Malignant causes include bronchogenic carcinoma, lymphoma, and metastases; benign causes include mediastinitis, mediastinal tumours, vascular and cardiac diseases, and trauma.

Long answer

The signs of dilated superficial veins over the chest and neck are compatible with superior vena cava syndrome. Patients with this syndrome may also have swelling and cyanosis of the face and upper extremities, cough, headache, dysphagia, and somnolence.4 Obstruction of venous return in the mediastinum and neck is caused by cancer in 80-90% of cases.5 6 7 Malignant causes of superior vena cava syndrome include bronchogenic carcinoma (75-80%), lymphoma (12-15%), and metastatic cancer (6-7%).6 Benign causes are less common but have a more favourable prognosis. Reported causes include mediastinitis, mediastinal tumours such as retrosternal goitre, vascular causes such as aortic aneurysm and superior vena cava thrombosis, cardiac causes such as atrial myxoma, and traumatic mediastinal haematoma.4 7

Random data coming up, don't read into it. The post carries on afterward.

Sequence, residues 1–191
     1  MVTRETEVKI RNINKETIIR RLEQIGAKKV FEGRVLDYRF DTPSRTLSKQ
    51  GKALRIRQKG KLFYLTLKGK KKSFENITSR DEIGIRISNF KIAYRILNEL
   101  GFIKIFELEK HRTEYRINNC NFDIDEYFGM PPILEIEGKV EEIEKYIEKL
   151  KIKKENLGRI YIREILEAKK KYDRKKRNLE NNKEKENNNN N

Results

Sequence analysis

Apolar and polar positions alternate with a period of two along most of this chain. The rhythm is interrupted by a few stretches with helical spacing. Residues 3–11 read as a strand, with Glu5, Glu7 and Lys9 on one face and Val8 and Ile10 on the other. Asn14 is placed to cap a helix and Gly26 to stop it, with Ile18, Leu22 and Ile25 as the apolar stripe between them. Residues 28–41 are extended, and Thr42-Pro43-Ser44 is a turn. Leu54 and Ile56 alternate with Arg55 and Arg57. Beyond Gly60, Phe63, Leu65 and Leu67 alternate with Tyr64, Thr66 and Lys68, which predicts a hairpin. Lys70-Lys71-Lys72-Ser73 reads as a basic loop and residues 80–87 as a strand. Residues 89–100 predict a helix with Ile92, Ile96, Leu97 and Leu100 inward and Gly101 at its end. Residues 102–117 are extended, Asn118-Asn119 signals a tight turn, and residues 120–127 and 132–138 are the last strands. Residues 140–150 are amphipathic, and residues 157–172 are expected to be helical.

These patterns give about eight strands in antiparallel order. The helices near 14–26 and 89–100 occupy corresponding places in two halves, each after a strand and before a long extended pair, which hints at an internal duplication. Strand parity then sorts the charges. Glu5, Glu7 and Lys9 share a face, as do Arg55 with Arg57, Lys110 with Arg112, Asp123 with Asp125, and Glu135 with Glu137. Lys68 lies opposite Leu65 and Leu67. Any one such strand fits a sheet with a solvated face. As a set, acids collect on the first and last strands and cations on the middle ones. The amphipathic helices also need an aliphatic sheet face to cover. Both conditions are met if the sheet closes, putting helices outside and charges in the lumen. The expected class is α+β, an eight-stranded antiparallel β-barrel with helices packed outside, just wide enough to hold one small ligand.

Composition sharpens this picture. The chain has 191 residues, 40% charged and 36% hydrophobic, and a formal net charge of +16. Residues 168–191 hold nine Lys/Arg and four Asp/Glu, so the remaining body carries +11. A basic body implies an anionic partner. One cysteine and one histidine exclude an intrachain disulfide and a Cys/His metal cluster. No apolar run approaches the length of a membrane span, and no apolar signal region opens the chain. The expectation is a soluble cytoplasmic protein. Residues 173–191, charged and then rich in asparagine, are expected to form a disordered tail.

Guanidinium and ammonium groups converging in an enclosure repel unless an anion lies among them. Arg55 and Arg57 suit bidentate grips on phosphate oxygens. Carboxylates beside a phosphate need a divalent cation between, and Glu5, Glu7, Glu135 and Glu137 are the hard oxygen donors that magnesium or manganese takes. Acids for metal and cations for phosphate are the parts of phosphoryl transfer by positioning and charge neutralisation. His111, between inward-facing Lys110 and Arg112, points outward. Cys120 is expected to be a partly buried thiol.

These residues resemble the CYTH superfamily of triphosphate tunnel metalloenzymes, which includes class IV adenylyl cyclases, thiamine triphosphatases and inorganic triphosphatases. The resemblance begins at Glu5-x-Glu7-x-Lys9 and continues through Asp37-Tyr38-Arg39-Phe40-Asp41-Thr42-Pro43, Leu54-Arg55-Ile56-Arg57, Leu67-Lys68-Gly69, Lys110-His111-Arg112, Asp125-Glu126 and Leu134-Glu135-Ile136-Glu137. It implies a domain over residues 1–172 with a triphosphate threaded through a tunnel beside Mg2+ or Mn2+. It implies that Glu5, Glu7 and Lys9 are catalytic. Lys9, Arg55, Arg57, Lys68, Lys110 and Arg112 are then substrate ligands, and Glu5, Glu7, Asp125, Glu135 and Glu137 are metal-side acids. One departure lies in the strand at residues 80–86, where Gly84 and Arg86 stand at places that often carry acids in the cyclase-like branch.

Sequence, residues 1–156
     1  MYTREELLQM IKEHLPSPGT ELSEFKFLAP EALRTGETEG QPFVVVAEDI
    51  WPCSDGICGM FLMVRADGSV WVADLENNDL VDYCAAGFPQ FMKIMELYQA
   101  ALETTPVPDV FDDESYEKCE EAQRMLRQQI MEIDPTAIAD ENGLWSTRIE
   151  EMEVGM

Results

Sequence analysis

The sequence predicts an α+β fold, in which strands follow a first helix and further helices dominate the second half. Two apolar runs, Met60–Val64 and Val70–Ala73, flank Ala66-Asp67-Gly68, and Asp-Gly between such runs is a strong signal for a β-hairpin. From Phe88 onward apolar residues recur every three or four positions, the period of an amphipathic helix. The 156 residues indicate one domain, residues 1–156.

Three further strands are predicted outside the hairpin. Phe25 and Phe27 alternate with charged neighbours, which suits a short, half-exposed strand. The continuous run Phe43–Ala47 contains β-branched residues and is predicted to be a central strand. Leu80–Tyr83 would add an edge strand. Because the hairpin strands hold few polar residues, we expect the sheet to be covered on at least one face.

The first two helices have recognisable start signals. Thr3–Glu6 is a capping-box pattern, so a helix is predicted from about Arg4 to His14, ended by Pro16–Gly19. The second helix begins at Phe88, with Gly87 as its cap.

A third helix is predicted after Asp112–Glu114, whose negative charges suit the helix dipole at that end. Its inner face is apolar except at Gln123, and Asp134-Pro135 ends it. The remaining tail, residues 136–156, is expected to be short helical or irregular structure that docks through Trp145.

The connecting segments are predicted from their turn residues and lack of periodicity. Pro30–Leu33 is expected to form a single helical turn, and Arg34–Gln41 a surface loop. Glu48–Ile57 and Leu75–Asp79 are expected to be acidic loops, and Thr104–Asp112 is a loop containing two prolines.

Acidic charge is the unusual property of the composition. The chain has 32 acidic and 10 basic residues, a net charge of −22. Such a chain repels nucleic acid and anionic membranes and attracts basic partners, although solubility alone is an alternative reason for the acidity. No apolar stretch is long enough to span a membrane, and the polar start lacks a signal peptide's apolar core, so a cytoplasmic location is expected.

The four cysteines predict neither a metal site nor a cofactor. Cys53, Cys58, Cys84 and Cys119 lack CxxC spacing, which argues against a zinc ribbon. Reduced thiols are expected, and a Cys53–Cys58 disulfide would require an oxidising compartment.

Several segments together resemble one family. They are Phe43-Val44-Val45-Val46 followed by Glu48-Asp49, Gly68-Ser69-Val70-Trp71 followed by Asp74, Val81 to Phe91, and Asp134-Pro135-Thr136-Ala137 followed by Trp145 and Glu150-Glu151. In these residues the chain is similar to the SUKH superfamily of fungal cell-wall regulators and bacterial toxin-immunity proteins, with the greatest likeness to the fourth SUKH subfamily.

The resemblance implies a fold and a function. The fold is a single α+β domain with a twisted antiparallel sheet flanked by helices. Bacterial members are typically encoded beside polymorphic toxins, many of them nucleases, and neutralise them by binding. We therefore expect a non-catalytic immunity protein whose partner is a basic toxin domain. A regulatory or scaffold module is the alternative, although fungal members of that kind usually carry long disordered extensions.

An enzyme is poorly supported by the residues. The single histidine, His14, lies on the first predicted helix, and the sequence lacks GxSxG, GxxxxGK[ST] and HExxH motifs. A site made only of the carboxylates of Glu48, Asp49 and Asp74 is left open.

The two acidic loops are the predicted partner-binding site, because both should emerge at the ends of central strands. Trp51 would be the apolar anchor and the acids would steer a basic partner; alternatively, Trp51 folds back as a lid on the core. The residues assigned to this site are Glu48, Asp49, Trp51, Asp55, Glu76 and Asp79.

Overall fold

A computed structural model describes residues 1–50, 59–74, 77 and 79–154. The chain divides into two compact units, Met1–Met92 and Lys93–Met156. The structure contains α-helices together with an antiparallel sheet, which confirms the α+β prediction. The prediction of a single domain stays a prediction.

Retrosternal goitre has been reported in 3-20% of patients undergoing thyroidectomy.8 In two separate series superior vena cava obstruction was a feature in three of 35 and one of 16 patients with retrosternal goitre undergoing thyroidectomy.8 9

5 What are the management options for this man?

Short answer

A conservative (watch and wait) approach, radioiodine, or surgical excision.

Long answer